The beauty of my visual world lies in its patterns and colors. It's how I perceive my environment. Because of my low vision, many things that I see start out as abstract images before I identity them as objects. When I walk into an unfamiliar room, I look for patterns, like the horizontal bars of window blinds. The fact that they are blinds is secondary to their repeating shapes. A garden is splashes of exciting color, but I have to move in close to identify flowers and see the shapes of leaves. I try to convey those initial abstract perceptions in my art, and also represent the object.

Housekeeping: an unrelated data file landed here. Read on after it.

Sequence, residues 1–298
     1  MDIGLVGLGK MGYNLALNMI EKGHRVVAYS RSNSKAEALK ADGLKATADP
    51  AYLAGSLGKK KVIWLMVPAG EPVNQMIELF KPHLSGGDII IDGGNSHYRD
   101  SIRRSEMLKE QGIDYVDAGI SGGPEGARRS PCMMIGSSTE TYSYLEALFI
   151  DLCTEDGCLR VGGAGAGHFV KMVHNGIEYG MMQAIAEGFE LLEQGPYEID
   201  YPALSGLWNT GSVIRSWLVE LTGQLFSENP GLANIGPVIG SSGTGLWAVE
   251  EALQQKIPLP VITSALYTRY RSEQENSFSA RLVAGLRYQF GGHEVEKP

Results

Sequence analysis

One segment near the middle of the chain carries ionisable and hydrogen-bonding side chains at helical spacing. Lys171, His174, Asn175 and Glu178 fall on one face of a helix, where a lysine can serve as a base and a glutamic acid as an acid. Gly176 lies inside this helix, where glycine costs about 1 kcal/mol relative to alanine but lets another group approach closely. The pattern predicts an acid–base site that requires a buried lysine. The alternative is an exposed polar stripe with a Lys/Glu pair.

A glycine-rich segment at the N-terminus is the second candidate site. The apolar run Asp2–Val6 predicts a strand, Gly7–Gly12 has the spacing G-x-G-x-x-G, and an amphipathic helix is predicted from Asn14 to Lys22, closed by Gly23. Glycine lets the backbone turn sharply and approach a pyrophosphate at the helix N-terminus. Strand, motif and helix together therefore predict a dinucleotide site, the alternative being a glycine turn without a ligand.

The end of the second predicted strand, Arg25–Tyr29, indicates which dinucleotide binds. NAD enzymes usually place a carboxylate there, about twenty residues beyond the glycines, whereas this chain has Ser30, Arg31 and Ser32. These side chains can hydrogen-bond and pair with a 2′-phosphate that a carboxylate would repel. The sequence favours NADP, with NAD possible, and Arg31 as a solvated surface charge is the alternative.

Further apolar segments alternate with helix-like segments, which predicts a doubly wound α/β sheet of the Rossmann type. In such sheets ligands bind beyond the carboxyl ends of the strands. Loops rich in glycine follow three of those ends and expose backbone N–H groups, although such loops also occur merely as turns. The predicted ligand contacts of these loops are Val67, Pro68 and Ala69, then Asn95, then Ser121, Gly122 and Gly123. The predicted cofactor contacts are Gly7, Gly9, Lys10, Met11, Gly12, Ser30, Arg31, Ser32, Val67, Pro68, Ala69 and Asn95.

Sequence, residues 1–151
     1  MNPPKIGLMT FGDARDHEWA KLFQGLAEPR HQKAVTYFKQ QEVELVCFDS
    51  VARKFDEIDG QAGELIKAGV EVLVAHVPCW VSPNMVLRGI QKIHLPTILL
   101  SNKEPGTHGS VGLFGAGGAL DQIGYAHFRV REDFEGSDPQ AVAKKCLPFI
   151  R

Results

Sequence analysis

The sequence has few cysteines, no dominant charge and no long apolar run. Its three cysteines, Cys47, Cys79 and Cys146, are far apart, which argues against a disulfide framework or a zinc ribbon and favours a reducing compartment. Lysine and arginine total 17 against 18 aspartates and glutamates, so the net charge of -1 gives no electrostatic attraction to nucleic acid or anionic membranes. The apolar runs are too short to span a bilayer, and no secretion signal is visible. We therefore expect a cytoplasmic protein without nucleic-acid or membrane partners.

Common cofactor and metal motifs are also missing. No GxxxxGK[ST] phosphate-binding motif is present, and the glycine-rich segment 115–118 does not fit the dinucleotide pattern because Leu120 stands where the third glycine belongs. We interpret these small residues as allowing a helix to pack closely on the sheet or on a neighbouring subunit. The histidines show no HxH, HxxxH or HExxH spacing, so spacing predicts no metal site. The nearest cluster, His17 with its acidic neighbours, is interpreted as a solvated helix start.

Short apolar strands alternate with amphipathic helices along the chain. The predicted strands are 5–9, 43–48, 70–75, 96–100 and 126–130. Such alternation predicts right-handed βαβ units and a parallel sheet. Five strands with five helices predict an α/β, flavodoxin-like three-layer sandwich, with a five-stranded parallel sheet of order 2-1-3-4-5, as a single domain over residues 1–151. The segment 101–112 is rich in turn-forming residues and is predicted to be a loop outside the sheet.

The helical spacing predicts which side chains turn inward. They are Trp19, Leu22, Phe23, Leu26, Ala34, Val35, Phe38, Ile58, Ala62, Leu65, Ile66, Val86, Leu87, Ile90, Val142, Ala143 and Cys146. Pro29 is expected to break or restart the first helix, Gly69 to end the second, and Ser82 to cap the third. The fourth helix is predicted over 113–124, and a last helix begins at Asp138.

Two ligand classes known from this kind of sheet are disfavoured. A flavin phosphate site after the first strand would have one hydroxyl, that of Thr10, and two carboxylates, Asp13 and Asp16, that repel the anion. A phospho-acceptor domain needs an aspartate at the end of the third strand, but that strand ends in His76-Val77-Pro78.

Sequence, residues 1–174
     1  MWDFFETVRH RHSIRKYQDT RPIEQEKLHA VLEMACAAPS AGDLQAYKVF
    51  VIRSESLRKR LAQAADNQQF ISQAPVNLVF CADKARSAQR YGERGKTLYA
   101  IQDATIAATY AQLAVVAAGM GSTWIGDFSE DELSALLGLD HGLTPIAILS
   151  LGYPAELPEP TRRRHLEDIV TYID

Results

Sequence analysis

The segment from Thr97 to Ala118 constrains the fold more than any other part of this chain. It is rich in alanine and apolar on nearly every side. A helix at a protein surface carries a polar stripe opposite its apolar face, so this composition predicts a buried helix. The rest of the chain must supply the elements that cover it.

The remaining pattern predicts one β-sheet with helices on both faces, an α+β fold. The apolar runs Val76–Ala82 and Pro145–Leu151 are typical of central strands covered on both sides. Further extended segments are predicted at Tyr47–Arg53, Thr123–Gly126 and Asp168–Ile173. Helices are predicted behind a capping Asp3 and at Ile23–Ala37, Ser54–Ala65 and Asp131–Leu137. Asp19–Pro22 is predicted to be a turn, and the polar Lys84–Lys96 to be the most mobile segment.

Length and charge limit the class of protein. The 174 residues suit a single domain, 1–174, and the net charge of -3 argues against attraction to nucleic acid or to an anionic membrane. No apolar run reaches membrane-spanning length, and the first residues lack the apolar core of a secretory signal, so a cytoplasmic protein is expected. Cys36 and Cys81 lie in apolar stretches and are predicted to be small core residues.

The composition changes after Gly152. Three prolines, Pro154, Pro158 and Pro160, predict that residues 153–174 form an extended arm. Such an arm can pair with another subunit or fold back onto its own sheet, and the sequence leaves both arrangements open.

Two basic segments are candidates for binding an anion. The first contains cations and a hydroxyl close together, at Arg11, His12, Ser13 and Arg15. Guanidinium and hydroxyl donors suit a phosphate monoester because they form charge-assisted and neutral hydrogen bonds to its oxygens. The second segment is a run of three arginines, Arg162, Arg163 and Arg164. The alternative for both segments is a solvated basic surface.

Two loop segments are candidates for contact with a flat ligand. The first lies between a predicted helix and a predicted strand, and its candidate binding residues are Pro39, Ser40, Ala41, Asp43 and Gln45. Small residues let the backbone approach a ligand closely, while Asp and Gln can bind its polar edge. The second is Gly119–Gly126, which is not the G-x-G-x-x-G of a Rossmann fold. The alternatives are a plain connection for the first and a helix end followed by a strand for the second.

Trees are a recurring theme that I began exploring in 1991. I was inspired by the primitive-style “Tree of Life”, by Shaker artist Hannah Cahoon, which I have always loved. Because they are so large, trees are a highly visible part of my landscape. With each new season, the tree has its own palette and, for me, endless inspiration to express my feeling of the moment, rather than to accurately depict the scene.

Many of my pictures are studies of shapes and colors. From the wealth of shapes in the natural world, I choose an object for its potential as an abstract design. I'll play with a repeated motif, varying it slightly each time.

I know my picture is successful when the colors dance before my eyes. I choose their juxtaposition carefully to achieve that kinetic quality. It is the feeling of completing a musical phrase, knowing the right balance between color and pattern.

Colors, shapes, and patterns speak to me and I delight in their voices. Through my art, I attempt to share my joy in them with other people.